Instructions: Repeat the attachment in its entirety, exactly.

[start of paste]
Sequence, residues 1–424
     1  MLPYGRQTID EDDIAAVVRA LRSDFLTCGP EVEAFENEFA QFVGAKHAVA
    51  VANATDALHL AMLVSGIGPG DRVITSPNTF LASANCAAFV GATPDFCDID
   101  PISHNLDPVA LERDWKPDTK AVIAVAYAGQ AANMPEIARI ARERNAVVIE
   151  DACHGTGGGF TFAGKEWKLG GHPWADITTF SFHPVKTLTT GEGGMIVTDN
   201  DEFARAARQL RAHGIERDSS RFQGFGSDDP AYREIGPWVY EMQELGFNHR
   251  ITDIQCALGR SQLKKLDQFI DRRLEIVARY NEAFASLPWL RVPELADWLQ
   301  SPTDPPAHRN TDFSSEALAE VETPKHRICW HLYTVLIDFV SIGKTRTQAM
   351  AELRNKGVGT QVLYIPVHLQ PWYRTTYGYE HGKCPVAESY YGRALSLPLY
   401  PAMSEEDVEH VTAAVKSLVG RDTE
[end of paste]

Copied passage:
Sequence, residues 1–424
     1  MLPYGRQTID EDDIAAVVRA LRSDFLTCGP EVEAFENEFA QFVGAKHAVA
    51  VANATDALHL AMLVSGIGPG DRVITSPNTF LASANCAAFV GATPDFCDID
   101  PISHNLDPVA LERDWKPDTK AVIAVAYAGQ AANMPEIARI ARERNAVVIE
   151  DACHGTGGGF TFAGKEWKLG GHPWADITTF SFHPVKTLTT GEGGMIVTDN
   201  DEFARAARQL RAHGIERDSS RFQGFGSDDP AYREIGPWVY EMQELGFNHR
   251  ITDIQCALGR SQLKKLDQFI DRRLEIVARY NEAFASLPWL RVPELADWLQ
   301  SPTDPPAHRN TDFSSEALAE VETPKHRICW HLYTVLIDFV SIGKTRTQAM
   351  AELRNKGVGT QVLYIPVHLQ PWYRTTYGYE HGKCPVAESY YGRALSLPLY
   401  PAMSEEDVEH VTAAVKSLVG RDTE